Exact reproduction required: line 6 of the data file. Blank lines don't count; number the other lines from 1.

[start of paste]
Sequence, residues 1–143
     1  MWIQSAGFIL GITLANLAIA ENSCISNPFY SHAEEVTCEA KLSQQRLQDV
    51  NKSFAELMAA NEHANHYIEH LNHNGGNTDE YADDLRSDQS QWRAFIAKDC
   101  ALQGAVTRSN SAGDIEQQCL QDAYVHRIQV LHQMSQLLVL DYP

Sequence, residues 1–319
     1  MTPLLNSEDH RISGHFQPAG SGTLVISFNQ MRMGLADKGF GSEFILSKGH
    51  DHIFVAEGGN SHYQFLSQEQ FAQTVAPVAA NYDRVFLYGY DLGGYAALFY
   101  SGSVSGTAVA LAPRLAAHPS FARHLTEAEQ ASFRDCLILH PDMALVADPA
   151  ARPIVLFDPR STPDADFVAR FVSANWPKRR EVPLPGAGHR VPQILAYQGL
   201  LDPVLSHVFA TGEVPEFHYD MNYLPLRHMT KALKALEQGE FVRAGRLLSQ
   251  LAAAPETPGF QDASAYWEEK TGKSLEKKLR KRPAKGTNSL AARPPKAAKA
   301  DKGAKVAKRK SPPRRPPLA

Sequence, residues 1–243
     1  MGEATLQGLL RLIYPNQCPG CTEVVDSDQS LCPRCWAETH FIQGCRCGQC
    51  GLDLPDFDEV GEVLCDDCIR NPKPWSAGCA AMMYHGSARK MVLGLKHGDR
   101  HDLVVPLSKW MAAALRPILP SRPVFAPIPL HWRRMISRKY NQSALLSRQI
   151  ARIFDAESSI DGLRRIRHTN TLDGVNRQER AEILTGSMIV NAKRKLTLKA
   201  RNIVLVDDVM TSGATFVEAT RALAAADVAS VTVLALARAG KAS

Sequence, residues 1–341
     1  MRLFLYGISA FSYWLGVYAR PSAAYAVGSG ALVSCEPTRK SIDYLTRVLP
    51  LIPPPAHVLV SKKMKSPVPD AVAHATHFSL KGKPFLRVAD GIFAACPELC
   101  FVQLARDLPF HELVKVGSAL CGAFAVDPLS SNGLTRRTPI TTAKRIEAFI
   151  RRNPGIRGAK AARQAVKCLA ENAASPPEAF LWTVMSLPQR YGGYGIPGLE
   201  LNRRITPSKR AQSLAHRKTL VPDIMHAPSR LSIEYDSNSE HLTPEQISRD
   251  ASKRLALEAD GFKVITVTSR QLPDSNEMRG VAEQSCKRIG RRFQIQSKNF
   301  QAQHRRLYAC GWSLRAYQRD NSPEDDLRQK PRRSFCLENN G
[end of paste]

     1  MTPLLNSEDH RISGHFQPAG SGTLVISFNQ MRMGLADKGF GSEFILSKGH